I have argued before that, in their fullest, libertarianism and Catholicism are incompatible — but to what degree are they so?
Leaders of the libertarian movement have certainly said silly, anti-Catholic things. Ludwig von Mises, for example, compared Christ to the Bolshevists and also said, “..[I]t is the resistance which the Church has offered to the spread of liberal ideas which has prepared the soil for the destructive resentment of modern socialist thought” (Socialism, Chapter 29). Translation: opposition to liberalism of one stripe must be blamed for inspiring liberalism of another. Huh?
Much of the conflict between libertarians and the Church can be traced back to key misunderstandings. Mises assumed the worst and demanded that the Church accept “the indispensability of private ownership in the means of production” (Socialism). The thing is, She already does: that is what distributism is all about.
This conflict need not be so heated, because both sides have mutual points of interest. And you can see this in some of the writings of the famous Murray Rothbard.
Rothbard noted in his Memorandum on Catholicism, Protestantism, and Capitalism (1957) that Protestantism had resulted in the elevation of work itself as “divine” and over the worker, causing a serious perversion of economics. He considered Catholic thought on the subject, overall, to be superior to ideas based in the supposed “Protestant work ethic”. This is a huge admission, especially given the time period and the strength of misconception — still in force today — on that topic.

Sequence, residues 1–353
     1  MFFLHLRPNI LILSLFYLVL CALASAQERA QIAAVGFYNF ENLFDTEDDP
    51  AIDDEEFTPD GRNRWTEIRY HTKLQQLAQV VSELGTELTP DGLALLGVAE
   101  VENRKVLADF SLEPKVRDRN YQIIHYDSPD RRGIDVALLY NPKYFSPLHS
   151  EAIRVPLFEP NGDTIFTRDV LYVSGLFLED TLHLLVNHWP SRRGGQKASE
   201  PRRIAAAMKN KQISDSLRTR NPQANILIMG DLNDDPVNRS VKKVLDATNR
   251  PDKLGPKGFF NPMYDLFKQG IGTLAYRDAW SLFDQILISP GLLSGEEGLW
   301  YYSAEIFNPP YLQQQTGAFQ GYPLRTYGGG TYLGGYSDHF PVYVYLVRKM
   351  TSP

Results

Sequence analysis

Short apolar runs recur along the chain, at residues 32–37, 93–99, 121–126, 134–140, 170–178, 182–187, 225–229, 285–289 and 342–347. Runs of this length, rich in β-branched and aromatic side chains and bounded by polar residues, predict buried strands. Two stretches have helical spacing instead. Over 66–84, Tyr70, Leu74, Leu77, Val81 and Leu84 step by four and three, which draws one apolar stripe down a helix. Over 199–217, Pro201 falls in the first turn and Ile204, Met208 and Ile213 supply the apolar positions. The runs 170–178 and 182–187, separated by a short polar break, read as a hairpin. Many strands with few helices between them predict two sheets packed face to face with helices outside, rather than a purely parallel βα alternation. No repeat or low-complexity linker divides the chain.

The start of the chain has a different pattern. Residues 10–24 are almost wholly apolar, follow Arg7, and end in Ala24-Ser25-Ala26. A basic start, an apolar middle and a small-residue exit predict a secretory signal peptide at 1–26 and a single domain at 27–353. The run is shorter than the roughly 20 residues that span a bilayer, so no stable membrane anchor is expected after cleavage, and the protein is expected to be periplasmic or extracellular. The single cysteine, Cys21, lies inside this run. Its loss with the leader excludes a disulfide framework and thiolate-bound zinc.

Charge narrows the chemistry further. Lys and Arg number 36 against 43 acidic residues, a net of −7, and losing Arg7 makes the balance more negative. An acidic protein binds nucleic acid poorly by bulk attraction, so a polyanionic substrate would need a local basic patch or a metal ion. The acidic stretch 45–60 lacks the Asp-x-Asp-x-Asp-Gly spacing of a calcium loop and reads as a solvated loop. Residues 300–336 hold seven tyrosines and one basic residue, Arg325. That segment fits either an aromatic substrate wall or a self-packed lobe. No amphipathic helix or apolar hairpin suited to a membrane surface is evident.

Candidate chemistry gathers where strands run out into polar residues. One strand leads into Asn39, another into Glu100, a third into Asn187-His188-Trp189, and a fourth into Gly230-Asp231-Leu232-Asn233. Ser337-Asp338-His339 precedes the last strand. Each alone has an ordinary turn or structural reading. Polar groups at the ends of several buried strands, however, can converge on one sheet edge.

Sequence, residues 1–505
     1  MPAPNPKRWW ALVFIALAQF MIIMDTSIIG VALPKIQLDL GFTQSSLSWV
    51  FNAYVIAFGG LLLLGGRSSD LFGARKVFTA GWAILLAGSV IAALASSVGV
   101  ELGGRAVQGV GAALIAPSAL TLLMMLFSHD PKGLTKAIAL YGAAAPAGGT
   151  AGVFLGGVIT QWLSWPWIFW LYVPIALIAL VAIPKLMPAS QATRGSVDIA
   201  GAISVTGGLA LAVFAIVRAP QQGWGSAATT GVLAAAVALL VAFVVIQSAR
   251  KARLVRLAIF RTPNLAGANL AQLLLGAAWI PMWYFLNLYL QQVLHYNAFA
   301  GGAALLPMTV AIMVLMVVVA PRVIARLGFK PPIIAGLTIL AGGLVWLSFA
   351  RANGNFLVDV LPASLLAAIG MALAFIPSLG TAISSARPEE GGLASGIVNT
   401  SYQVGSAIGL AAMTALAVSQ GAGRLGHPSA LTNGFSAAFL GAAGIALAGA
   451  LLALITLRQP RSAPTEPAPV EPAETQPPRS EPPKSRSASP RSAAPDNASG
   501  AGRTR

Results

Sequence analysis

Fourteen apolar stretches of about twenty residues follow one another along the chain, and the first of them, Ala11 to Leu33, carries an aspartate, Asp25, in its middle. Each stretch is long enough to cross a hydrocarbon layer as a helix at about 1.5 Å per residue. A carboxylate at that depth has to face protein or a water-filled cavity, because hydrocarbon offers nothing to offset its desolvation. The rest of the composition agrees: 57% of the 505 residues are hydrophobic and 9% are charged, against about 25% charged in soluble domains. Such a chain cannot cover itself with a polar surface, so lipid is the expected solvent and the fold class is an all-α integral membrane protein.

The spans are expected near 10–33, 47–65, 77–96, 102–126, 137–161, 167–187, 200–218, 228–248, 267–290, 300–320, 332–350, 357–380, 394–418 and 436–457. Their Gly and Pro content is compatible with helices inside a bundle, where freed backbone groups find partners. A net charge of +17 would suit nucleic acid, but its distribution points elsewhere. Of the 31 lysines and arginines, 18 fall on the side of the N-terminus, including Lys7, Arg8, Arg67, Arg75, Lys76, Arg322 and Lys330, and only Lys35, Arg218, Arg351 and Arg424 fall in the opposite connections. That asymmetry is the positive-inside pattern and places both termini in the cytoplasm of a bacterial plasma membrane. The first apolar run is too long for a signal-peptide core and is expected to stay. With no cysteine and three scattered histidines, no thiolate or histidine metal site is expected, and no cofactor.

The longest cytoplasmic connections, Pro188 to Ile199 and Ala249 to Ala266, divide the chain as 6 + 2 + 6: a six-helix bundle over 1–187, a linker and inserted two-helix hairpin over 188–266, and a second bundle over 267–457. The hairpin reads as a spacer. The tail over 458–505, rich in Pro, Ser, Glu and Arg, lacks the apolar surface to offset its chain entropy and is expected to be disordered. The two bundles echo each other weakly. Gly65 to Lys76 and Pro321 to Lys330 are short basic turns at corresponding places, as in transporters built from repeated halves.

But he went even further, in Readings on Ethics and Capitalism: Part I: Catholicism (1960). He said that much of the Church’s teaching is “fundamentally libertarian and pro-capitalist”, mentioning later therein that it has “been interpreted (by Ropke, Baudin) as compatible with capitalism”.
Rothbard admired Rerum Novarum‘s emphasis on Man over the State, its condemnation of socialism, and its insistence on “the absolute right of the individual to private property”, which he recognized as “derived from natural law, the nature of man”. He had his frustrations with Quadragesimo Anno, though. He said that the Church had a “fascist tendency” in response to the World Wars, about which he was not thrilled. He saw Pius XI as undoing Leo XIII’s work. But the idea of Pius “misinterpreting” Leo here, on social justice, is absurd. Leo himself lamented the “misery and wretchedness pressing so unjustly on the majority of the working class” and made multiple comments about it in his own letter. Both pontiffs demanded a return to Christian principles and worked to ensure “that a high standard of morality should prevail, both in public and private life”.
Where he critiques Pius, Rothbard is not very well-grounded. Pius held concern for “those who needed [workers’ associations] most to defend themselves from ill treatment at the hands of the powerful”, yes, but that hardly makes him a socialist. Still, I do not blame Rothbard too much for these mistakes. Leftists like Franklin D. Roosevelt had been trying to take advantage of Pius’ letter. For clarification, one merely has to look at Pope St. John Paul II’s Centesimus Annus.